Matt Cutts Explains How Google Treats 404 and 410 Status Codes

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Matt Cutts Explains How Google Treats 404 and 410 Status Codes

Matt Cutts, Google’s head of search spam, answers a question about website status codes in his latest Webmaster Help video where a user writes in to ask:

Does Google do anything different when encountering a 404 versus a 410?

First of all, Matt explains what a 404 and a 410 is. These refer to HTTP status codes; whenever a browser or Googlebot asks for a page, the website sends back a status code.

For example, a status code of 200 means everything is fine, whereas a status code of 404 means the page was not found. And then there’s a 410, which means the page is permanently gone.

Matt says Google does treat 404’s and 410’s a little differently, but for the most part you shouldn’t worry about it.

Matt goes on to explain how these types of status codes are treated when crawled by Googlebot. If Google crawls a page and sees a 404, they protect the page for 24 hours in the crawling system in case the 404 was unintentional.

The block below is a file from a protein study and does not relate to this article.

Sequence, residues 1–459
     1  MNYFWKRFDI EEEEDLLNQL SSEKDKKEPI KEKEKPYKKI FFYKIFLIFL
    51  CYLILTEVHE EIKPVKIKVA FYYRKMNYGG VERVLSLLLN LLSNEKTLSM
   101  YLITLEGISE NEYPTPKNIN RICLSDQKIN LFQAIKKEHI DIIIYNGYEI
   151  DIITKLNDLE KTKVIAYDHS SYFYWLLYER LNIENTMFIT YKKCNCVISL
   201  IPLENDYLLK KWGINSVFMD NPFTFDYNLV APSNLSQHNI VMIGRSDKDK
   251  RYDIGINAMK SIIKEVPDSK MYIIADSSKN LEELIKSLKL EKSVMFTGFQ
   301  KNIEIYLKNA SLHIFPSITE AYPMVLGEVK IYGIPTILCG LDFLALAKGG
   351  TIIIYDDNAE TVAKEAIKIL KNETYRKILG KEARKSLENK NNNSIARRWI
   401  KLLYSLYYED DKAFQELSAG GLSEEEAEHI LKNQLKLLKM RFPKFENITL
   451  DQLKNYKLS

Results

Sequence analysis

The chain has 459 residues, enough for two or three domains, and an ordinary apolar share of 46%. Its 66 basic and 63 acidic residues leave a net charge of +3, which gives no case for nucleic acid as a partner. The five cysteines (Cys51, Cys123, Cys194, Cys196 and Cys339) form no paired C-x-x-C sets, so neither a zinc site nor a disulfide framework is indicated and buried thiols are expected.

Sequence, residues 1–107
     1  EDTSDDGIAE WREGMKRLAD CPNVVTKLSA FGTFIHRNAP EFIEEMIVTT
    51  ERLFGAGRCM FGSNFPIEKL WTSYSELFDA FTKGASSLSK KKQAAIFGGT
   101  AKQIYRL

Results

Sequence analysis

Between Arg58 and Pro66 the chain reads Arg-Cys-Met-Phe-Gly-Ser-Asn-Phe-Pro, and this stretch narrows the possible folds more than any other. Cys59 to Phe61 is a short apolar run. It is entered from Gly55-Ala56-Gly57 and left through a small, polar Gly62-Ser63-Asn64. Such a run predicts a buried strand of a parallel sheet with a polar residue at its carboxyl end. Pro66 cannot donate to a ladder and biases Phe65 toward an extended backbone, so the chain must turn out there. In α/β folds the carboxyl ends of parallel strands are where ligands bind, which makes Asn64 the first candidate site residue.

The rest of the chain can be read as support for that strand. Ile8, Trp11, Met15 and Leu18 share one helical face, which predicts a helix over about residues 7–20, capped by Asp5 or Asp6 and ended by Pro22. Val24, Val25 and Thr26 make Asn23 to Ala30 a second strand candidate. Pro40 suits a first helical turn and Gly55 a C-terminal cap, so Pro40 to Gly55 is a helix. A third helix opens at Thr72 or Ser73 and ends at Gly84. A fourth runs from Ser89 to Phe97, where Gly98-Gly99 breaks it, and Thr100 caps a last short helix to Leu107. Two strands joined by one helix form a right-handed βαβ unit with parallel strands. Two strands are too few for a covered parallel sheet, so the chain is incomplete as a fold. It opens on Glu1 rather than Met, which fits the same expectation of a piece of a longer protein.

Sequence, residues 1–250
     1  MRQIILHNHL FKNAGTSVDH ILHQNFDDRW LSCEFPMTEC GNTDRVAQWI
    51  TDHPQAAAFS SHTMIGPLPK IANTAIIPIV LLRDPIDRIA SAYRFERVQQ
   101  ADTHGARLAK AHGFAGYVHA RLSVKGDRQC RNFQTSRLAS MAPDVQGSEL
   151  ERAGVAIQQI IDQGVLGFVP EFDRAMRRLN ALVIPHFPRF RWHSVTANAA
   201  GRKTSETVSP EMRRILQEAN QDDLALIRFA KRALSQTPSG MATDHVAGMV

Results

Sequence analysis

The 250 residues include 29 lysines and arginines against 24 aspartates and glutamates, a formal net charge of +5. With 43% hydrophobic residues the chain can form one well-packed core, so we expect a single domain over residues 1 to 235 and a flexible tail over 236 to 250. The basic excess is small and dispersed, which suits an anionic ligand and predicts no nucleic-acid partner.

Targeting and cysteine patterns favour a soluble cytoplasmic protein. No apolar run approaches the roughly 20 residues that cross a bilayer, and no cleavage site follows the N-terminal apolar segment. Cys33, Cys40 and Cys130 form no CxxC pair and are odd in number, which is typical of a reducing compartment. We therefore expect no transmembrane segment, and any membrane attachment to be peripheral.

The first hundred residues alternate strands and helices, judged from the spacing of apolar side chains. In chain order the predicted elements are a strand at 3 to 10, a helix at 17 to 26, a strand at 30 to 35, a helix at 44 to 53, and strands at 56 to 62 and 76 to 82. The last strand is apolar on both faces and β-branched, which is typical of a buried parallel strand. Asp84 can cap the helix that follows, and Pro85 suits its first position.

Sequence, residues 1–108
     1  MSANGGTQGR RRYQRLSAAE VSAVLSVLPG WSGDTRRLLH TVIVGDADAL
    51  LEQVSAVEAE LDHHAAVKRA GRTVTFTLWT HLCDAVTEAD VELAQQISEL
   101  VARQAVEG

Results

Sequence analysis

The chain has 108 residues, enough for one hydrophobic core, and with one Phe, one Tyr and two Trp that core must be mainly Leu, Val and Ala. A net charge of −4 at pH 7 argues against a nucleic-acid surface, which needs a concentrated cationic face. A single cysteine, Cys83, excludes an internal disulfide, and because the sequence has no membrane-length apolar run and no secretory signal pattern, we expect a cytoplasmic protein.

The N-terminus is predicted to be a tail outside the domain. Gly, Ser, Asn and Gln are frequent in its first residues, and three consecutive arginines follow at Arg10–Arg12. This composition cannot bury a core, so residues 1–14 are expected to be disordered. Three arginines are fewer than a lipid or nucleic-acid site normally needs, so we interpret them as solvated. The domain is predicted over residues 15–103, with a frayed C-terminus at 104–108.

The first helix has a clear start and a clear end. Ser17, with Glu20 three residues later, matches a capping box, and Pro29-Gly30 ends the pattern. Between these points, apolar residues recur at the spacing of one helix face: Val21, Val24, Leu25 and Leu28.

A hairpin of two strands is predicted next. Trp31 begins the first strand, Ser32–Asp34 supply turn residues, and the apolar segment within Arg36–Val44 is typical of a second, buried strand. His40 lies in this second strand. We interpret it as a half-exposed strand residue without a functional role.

If Google crawls a page and sees a 410, it’s assumed that status code is intentional because a webmaster would have had to manually go in and input the 410 code to indicate the page is gone. Rather than protecting a page with a 410, it’s treated as an error.

Matt says Google still may go back the page is truly gone, but for the most part if you know the page is gone and not coming back it’s ok to serve a 410. If a page is gone, but may be coming back, it’s ok to serve a 404.

Those are the basic differences, and Matt emphasizes a second time not to worry about them too much.

To hear Matt’s full response in his own words, please see the video below:

Matt Southern
Matt Southern has been the lead news writer at Search Engine Journal since 2013. His passion for helping people in all aspects of online marketing... Read Full Bio
Matt Southern
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